I don't buy it, so I'm answering 'in theory' only.SO what are the benefits of biodiesel? Apart from the obvious, is it cheaper?
Yep, 20p per litre reduction of duty.I don't buy it, so I'm answering 'in theory' only.
It's more expensive to make than ordinary diesel, but of course the pump price depends largely on the level of taxation. So it may be 'subsidised' (like LPG) to make it more attractive.
I'm confused by this comment. Nearly all Biodiesel is a result of using waste veg oil after it's primary use.The main perceived benefit is being more environmentally friendly in terms of total carbon emissions. But in fact it's often not significantly better than mineral diesel (depending on where the veg. oil stock came from). It's also touted as being "sustainable" ... which it is ... however land used to grow crops for biodiesel can't grow food, so there's a bit of an issue there. And in some countries they are clearing and BURNING rainforest to grow crops they can sell for biodiesel production, which is a disaster ecologically speaking!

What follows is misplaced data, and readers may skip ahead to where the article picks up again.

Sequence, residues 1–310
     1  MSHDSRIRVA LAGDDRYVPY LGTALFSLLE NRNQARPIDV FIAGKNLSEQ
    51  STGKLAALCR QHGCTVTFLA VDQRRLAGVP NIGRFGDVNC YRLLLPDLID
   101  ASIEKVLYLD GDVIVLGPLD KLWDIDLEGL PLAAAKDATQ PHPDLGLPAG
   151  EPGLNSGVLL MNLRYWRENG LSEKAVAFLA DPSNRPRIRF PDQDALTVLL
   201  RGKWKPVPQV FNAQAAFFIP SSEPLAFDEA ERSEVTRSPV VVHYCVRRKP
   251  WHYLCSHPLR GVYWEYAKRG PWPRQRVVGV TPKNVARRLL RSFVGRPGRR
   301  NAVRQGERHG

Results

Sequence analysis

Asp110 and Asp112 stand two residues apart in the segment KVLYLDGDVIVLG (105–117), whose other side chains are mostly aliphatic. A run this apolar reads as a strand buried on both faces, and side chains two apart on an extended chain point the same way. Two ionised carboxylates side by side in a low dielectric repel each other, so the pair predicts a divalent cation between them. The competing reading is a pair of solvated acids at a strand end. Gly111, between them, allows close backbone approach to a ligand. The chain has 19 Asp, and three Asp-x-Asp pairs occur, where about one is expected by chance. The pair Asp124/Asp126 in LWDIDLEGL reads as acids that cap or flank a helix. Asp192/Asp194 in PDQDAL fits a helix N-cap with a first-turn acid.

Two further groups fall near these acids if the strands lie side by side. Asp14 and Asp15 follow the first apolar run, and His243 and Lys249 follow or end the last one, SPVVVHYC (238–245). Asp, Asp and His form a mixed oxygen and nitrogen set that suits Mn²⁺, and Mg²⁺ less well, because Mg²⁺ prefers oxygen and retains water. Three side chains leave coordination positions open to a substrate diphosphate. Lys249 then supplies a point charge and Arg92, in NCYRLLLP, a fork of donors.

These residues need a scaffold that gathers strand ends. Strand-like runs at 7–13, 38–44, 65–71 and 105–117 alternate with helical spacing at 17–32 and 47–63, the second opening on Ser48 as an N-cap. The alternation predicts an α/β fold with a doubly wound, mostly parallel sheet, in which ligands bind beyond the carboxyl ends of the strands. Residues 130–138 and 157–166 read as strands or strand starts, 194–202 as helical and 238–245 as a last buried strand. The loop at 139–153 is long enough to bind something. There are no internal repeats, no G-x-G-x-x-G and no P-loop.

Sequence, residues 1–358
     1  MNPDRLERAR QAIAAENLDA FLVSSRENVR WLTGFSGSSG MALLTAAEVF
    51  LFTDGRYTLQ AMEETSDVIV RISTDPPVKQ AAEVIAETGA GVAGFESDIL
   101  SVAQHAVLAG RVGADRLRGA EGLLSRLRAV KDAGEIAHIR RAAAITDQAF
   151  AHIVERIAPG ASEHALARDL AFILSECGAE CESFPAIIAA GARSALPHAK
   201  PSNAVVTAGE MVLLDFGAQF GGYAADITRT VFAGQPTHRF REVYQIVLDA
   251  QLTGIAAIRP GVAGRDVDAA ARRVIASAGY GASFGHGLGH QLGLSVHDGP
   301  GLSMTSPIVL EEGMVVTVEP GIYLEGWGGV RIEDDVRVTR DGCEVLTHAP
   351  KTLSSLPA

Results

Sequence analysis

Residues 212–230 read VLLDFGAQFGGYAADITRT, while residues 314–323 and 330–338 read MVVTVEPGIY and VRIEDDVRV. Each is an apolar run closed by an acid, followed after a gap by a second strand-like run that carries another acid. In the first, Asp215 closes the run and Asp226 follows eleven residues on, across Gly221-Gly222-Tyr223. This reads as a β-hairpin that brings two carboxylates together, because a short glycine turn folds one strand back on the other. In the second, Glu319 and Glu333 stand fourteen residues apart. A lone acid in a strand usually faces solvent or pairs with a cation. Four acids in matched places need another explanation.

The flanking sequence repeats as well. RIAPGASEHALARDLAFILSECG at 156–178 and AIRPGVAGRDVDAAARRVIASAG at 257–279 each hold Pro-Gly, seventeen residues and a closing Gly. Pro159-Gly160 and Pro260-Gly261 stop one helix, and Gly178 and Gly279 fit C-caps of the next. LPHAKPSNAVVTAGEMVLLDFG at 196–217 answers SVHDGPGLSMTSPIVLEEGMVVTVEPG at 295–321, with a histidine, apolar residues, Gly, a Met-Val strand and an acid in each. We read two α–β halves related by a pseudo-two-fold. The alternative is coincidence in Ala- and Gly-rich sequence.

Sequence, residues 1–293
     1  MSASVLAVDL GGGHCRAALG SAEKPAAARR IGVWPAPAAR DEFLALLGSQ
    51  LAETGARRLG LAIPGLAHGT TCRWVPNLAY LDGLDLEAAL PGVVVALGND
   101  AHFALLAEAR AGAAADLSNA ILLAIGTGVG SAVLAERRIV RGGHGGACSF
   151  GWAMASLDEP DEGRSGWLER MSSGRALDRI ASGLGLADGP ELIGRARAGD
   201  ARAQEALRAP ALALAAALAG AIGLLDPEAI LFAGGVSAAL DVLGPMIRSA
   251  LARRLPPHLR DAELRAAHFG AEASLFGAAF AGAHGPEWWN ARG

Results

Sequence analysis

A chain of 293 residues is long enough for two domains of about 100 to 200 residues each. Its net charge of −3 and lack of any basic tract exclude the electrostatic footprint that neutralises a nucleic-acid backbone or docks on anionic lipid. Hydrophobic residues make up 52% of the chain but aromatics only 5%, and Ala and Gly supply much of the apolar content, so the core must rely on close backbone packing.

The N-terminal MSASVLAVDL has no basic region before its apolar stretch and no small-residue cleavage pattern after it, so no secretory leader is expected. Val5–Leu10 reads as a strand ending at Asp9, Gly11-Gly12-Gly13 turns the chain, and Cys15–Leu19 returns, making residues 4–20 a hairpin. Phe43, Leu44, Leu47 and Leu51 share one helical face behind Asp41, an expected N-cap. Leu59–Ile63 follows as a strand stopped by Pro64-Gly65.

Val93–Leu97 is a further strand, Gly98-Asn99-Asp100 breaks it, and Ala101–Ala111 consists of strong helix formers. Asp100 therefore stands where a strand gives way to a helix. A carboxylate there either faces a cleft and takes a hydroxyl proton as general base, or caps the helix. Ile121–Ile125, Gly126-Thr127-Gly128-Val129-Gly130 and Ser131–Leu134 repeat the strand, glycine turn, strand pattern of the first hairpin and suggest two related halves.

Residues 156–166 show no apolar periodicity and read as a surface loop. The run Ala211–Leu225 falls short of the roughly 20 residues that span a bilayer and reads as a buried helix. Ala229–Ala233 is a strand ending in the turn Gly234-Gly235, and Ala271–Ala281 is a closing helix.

There are meant to be "phase 2" biodiesels on the way which will be manufactured from waste products instead, and these will be significantly better for the environment.
Nearly all Biodiesel is a result of using waste veg oil after it's primary use.
There's obviously a lot of very emotive stuff on the web about deforestation (greenpeace etc.), but this is reasonably objective:
It begs a question though. If rainforest is cut down to plant fuel crops is the carbon balance actually upset?
What I mean is that the palms absorb carbon as they grow, they are then cut and burned but new ones are planted and grow.